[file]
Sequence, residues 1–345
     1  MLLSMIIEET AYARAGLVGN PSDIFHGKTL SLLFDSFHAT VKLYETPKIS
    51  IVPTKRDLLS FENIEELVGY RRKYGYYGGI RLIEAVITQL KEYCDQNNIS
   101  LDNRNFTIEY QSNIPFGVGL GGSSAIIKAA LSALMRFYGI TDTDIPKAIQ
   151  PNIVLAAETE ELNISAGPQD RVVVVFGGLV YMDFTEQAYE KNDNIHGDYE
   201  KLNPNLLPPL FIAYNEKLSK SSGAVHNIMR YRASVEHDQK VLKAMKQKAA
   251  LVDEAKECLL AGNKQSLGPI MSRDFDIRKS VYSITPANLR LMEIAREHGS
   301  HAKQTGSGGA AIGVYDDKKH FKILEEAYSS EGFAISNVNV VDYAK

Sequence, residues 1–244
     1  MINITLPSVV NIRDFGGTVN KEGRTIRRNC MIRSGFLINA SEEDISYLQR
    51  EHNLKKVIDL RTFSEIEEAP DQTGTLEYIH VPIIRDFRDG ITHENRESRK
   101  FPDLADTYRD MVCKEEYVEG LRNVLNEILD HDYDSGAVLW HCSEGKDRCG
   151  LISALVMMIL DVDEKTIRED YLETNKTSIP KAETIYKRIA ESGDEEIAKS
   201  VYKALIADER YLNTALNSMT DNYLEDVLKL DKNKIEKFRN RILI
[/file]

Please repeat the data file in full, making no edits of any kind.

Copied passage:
Sequence, residues 1–345
     1  MLLSMIIEET AYARAGLVGN PSDIFHGKTL SLLFDSFHAT VKLYETPKIS
    51  IVPTKRDLLS FENIEELVGY RRKYGYYGGI RLIEAVITQL KEYCDQNNIS
   101  LDNRNFTIEY QSNIPFGVGL GGSSAIIKAA LSALMRFYGI TDTDIPKAIQ
   151  PNIVLAAETE ELNISAGPQD RVVVVFGGLV YMDFTEQAYE KNDNIHGDYE
   201  KLNPNLLPPL FIAYNEKLSK SSGAVHNIMR YRASVEHDQK VLKAMKQKAA
   251  LVDEAKECLL AGNKQSLGPI MSRDFDIRKS VYSITPANLR LMEIAREHGS
   301  HAKQTGSGGA AIGVYDDKKH FKILEEAYSS EGFAISNVNV VDYAK

Sequence, residues 1–244
     1  MINITLPSVV NIRDFGGTVN KEGRTIRRNC MIRSGFLINA SEEDISYLQR
    51  EHNLKKVIDL RTFSEIEEAP DQTGTLEYIH VPIIRDFRDG ITHENRESRK
   101  FPDLADTYRD MVCKEEYVEG LRNVLNEILD HDYDSGAVLW HCSEGKDRCG
   151  LISALVMMIL DVDEKTIRED YLETNKTSIP KAETIYKRIA ESGDEEIAKS
   201  VYKALIADER YLNTALNSMT DNYLEDVLKL DKNKIEKFRN RILI